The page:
One of my favorite weekend pastimes as a child growing up in Appalachia was reading the Sunday comics. Unlike the small Sunday comic sections of today, we had big comic sections of multiple pages.
The comics were nice entertainment because they were in color on Sunday. Back then, when newspapers ran no color photos and TV was all black-and-white, to read Blondie or L’il Abner in color was a real treat.
We didn’t call them comics either. They were the “funny papers,” similar to the “funny books” we bought for a dime in at the news stand.
Sunday afternoon was the time to lie around on the floor, put off Monday’s school homework until after dark and read our favorite characters’ exploits.
Many of the old comic creators have died over the years and younger artists have taken up the strips. However, most of my favorite comic strips are gone forever.
L’il Abner (with little always spelled in the contracted form) was usually at the top of the first comic page. It featured the Yokum family, who lived in the fictional town called Dogpatch, which I believe was supposed to be somewhere in Kentucky. It probably set the formula on how most Northerners back then thought of rural Southern people. The men wore bibbed overalls, and the women wore flour sack dresses. They both smoked corncob pipes. It was drawn by Al Capp, who became famous on talk shows. I think L’il Abner comics died with Capp in 1979.
Another comic strip that’s no longer around is Dick Tracy. He was a police detective who always wore a hat and had a very angular chin, drawn square shaped. The biggest contribution of the Dick Tracy comic strip is that the creator envisioned the smartphone long before Apple was in existence.
Originally, Dick Tracy wore a wristwatch radio around his wrist, back in the days before the invention of the transistor and solid state electronics. The wrist radio in later years became a wrist TV, which had many features like today’s iPhones.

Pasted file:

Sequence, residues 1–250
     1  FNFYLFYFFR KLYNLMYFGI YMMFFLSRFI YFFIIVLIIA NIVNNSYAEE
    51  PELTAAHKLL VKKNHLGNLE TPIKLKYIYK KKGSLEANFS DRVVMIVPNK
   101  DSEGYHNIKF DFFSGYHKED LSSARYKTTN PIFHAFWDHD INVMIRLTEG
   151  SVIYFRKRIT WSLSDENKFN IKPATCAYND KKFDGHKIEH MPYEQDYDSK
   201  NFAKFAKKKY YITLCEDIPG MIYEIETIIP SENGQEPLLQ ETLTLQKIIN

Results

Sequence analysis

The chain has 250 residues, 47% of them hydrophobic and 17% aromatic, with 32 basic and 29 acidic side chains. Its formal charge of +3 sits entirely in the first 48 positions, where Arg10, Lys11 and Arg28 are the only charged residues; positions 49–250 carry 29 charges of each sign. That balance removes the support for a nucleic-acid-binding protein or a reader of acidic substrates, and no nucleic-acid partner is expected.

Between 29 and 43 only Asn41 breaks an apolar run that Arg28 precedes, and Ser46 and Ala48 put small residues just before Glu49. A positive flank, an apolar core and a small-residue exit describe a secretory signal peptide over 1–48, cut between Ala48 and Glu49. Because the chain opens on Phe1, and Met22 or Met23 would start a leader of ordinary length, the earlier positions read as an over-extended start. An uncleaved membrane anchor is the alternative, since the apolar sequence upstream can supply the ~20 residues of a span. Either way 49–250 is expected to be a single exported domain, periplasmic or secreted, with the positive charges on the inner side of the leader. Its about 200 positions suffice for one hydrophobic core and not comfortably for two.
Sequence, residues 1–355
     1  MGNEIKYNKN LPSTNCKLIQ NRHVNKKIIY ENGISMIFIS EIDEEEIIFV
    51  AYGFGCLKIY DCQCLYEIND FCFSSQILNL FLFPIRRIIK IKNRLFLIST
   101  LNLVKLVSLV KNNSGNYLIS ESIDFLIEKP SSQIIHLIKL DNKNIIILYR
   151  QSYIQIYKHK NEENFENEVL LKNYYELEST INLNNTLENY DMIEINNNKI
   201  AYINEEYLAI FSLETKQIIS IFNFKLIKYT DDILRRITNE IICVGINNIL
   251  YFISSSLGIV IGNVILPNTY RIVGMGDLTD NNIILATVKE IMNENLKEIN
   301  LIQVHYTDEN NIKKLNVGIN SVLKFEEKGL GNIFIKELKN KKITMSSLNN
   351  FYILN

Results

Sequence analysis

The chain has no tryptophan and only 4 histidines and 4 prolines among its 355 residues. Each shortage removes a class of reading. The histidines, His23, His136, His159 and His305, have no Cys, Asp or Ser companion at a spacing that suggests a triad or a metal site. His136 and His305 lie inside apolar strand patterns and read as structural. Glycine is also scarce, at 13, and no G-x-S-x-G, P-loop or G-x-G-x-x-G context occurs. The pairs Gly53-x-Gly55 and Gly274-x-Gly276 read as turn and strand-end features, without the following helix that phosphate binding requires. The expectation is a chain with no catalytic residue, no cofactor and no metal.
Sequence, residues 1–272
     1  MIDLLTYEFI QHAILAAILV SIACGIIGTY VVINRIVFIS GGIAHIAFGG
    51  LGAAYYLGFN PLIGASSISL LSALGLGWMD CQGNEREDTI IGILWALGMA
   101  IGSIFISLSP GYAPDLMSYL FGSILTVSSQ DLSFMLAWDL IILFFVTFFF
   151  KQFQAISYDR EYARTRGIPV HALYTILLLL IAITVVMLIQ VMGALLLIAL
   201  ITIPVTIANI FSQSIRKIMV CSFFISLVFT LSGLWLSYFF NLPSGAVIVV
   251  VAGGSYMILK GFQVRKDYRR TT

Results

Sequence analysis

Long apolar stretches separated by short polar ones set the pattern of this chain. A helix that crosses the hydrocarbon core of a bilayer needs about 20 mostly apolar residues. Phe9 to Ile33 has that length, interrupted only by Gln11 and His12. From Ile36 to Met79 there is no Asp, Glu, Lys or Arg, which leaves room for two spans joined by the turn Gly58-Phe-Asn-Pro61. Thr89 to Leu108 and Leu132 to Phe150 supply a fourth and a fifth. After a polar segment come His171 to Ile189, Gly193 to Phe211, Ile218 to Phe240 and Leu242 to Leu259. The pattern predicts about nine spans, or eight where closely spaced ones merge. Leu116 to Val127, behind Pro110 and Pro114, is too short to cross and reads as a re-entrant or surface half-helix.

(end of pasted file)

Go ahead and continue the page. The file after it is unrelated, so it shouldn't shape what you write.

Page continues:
There was also a cartoonist named Walt Kelley, who drew a strip called “Pogo,” which was about a opossum and his animal friends who lived in the Okefenokee swamp. The creatures all walked and talked like humans, and the comics often had political satire embedded in them – although kids just read them for enjoyment.
Pogo used to have a saying, “We have met the enemy, and he is us.” He also sang a song every Christmas, “Deck the halls with Boston Charlie, Walla Walla Wash and Kalamazoo...”
One comic strip that got popular as a Broadway show, and later a movie, was Litttle Orphan Annie. I never read that one much, what I remember most about it was that the characters had no eyeballs, just round circles for eyes. Annie also had a dog named Sandy, which was the name of our first family dog. My sister, naturally, named him after the comic strip dog.
Many years later, when I was working at the Bristol Herald Courier, one of the newspapers we used to read in my childhood days, I found out that I didn’t have to wait to learn what happened to my comic heroes’ exploits.
We got all the daily comic strips at the newspaper office several weeks in advance and the Sunday comics came into the circulation department on Thursday to be inserted in the Sunday papers.
Somehow, reading the daily comics three weeks at a time or the Sunday ones on Thursday night destroyed my love of the comics. Now, I use the Sunday comics mainly for gift wrapping paper.
Jones is a Carrollton resident and reporter for the Times-Georgian.